Step 2

Evaluate the Relevance of Each Reference

Carefully review each reference to determine its relevance to your invention. Consider how it relates to the claims and features of your patent application. References that are similar or pertinent to your invention should be included in the IDS.

Step 3

Gather Complete Information

Collect complete and accurate information for each reference. This includes the title, publication date, author(s), publication source, and a brief description of the relevance of the reference to your invention.

Step 4

Complete the USPTO IDS Form

Use the official USPTO IDS form, such as PTO/SB/08a or PTO-1449, to list the references. Include all the gathered information for each reference on the form. Be sure to provide a concise but clear description of why each reference is relevant.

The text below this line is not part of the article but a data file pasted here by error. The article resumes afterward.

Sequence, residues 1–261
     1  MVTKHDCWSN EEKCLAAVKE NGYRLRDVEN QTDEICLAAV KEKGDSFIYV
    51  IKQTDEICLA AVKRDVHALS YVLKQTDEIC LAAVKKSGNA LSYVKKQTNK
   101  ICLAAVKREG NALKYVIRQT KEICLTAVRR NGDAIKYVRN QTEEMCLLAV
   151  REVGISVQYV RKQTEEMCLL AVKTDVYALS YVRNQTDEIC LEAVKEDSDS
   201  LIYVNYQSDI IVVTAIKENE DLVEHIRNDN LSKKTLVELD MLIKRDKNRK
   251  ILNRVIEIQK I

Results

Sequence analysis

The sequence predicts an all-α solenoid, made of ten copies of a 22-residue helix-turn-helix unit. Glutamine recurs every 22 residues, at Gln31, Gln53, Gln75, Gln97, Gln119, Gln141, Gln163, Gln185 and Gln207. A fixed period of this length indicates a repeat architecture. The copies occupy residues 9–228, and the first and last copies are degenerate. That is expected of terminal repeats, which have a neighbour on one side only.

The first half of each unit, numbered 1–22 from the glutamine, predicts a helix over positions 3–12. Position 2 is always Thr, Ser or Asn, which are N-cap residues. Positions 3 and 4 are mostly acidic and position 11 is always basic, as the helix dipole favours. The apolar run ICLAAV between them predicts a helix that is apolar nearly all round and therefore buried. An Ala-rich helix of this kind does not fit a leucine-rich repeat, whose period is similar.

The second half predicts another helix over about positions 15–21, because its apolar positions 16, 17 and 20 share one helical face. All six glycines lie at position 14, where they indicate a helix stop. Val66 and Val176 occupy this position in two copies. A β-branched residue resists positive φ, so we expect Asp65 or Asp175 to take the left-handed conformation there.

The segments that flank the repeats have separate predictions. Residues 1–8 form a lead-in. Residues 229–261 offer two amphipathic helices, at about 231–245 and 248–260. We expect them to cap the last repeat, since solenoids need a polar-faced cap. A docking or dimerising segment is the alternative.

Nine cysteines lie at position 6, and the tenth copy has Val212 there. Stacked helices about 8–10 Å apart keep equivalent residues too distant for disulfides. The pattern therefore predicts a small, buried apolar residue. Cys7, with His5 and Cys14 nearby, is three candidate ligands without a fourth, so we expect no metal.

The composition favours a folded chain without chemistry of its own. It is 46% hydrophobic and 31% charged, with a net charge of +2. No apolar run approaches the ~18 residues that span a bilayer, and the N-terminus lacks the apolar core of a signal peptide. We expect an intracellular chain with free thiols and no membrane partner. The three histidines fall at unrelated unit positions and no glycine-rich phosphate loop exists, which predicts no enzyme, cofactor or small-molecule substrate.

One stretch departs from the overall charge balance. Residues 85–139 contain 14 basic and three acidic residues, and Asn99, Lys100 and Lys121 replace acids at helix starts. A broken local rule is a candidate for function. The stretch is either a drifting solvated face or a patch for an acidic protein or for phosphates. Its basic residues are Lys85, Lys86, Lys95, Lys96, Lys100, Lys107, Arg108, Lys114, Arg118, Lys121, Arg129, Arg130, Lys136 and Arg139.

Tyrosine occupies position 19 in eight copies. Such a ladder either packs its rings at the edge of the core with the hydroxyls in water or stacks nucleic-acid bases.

Step 5

Review and Verify the IDS

Carefully review the IDS form to ensure that all the information is accurate and complete. Mistakes or omissions can lead to delays or potential legal consequences. Double-check the accuracy of reference details.

Step 6

Submission of IDS at USPTO along with the applicable fees

  • Consider the timing of your IDS submission. It is important to submit the IDS as soon as you become aware of the relevant prior art. Timely submission is essential for a fair and thorough examination of your patent application.

  • Check the USPTO fee schedule to determine if there are any fees associated with filing an IDS. Some IDS submissions may require a fee. Ensure that the necessary fees are paid.

  • Submit the completed IDS form and any required fees to the USPTO. This can be done electronically through the USPTO's Electronic Filing System (EFS-Web) or by mail, depending on your preference and the specific requirements of the USPTO.